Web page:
We're All in This Together!

March 25, 2020

With the ever-changing COVID-19 situation here in Singapore and all around the world, families are bravely facing new challenges as they navigate how to live, work, and play during these unprecedented times.

The cancellation of school extracurricular activities and suspension of enrichment classes means that many parents are looking for fun but productive ways to fill their kids’ days, wondering how to limit screen time, and even preparing themselves to become home tutors, too! Some super-parents are doing all this while also having to juggle working from home.

Deep breath in, deep breath out.

Bramble’s goal has always been to support parents and kids in their communication, and we believe that even though this situation might be overwhelming, there are small steps you can take to ease the strain and find opportunities for emotional connection.

1. Express your feelings

Parents are encouraged to express their own emotions around their kids, to model how negative emotions can be handled when they do surface. This normalises the existence of emotions. In other words, it is fine to express anger if your child does something that makes you angry. The key is expressing your own feelings without passing judgement on your child’s character while doing so. In the event of misbehaviour, focus on their behaviour rather than their character. If parents feel too upset to speak calmly, it is good practice (and good modelling) to promise to return to the conversation when they can be calmer.

- John Gottman, Raising an Emotionally Intelligent Child

If you’ve been feeling frustrated, tired, or afraid, whether it’s about stocking up on groceries, working remotely, or rearranging your child’s after-school care, it’s okay to express those feelings to your family. That’s right, even to your kids! These difficult feelings don’t have to only be discussed with other adults. Children have an incredible capacity for empathy and care, and they often surprise us with their thoughtful comments and acts of kindness.

Of course, remember that in expressing these feelings, your objective is not to guilt-trip your kids into obedience, nor is it to try to compete with how they might be feeling. Rather, when you are honest and vulnerable about your own feelings, you’re showing your kids that it’s alright to feel not-so-great, and you’re creating opportunities for deeper mutual understanding.

2. Share in their feelings

Your kids might be feeling disappointed, angry, or at the very least, bored due to the cancellation of their usual activities. Even a “welcome” disruption to their schedule (like not having to go to their most dreaded tuition class) is a bump or detour in their routine.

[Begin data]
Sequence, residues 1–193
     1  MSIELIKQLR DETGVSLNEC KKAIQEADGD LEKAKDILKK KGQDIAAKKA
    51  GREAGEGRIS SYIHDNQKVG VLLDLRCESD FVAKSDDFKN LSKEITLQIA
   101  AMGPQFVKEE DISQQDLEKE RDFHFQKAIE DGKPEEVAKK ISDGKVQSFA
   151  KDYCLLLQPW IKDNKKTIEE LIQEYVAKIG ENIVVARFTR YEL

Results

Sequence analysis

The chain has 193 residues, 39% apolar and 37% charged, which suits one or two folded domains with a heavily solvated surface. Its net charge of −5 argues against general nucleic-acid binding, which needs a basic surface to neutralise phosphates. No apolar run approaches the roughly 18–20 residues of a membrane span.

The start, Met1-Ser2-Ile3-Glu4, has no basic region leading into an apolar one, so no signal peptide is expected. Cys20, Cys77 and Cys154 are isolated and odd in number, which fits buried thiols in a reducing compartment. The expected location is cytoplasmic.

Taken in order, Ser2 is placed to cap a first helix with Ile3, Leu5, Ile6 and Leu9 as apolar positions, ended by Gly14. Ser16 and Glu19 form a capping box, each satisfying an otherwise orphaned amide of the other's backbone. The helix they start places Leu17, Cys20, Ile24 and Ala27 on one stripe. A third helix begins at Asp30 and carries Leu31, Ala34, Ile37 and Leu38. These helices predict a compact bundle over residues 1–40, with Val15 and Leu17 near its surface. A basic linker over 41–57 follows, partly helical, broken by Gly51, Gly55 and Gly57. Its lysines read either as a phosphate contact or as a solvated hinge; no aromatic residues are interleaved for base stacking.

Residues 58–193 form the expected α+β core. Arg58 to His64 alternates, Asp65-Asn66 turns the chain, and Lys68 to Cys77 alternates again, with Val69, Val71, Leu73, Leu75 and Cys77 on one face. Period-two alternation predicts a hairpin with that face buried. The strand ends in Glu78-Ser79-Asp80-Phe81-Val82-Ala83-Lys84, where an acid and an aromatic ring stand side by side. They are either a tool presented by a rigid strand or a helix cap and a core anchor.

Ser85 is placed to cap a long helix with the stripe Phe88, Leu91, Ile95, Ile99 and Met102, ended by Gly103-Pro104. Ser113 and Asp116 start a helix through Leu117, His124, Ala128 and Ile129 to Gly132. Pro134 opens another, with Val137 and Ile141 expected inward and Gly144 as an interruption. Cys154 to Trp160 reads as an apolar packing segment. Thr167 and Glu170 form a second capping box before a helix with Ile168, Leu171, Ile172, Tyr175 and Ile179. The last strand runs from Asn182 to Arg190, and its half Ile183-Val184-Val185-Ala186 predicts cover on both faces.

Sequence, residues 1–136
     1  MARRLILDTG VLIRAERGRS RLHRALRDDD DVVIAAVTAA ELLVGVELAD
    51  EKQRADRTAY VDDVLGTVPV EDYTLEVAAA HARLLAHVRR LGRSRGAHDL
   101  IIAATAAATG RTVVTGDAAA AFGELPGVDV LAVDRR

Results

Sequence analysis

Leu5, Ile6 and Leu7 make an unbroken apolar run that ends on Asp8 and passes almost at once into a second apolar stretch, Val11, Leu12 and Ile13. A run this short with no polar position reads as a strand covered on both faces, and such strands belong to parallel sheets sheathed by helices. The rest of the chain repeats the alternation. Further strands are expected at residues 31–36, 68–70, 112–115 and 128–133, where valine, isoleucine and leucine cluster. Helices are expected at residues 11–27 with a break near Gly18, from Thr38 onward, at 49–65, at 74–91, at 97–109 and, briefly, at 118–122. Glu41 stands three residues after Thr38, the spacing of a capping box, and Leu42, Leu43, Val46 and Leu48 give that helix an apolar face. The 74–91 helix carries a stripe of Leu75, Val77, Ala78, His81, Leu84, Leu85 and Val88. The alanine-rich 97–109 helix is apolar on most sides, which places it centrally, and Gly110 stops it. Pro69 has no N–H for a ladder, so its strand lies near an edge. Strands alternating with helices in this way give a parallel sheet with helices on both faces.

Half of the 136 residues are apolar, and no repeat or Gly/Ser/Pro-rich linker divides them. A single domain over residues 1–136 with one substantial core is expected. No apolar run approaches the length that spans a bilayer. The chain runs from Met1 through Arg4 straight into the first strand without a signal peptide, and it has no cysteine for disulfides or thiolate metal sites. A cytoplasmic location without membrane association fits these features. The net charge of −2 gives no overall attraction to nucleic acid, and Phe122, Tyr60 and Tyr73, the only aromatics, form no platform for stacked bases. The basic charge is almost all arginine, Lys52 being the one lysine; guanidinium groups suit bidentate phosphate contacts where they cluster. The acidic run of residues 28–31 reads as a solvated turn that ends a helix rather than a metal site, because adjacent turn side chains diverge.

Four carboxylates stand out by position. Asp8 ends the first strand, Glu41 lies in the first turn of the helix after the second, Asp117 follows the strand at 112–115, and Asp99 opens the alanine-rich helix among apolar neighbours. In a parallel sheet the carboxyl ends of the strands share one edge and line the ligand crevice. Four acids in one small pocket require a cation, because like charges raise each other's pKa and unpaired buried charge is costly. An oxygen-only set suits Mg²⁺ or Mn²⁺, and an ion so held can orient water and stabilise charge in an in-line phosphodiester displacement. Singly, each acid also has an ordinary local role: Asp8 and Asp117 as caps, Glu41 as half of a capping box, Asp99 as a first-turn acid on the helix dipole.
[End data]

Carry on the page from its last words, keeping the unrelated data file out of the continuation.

Before you rush to organise alternative activities to keep them busy, take a moment to sit with them and talk about how they’re feeling. Not so that you can fix their schedule, and not so that you can use their boredom against them, but just to listen attentively and show empathy for their emotions.

Affirm how they’re feeling by assuring them that it’s okay to feel sad or to have mixed feelings. It’s alright if they’re both relieved and disappointed that their competition got cancelled! We encourage you to share stories from your own life when you’ve felt the same way they have.

3. Play tic tac toe

Or any other game, for that matter.

Something we’ve very quickly learned here at Bramble is the power of a simple game of Tic Tac Toe or an arm wrestling match. These are two of the “Take a Step Back” moves found in our app. Kids love to use them, and parents are routinely surprised that such simple activities can so easily bring joy into their conversation!

Even if your child is typically engrossed in a game on their phone or computer, don’t underestimate the power of Hangman, Tic Tac Toe, or a good old-fashioned best-of-3 arm wrestle. Staying at home almost all day with your kids can make it easy for you to neglect carving out intentional quality time to spend with them, so why not start with a game? Remember that your relationship with your kids is much more than just managing their time and keeping them in check. Playing little games isn’t a trivial distraction to pass the time; it's a small gesture that goes a long way in letting your kids know that you cherish their company!

We hope that these quick tips are helpful to you during this tough time. From everyone here at Bramble, we hope that you and your family are keeping safe and well. Share this article with a fellow Mummy or Daddy to remind them that we’re all in this together!

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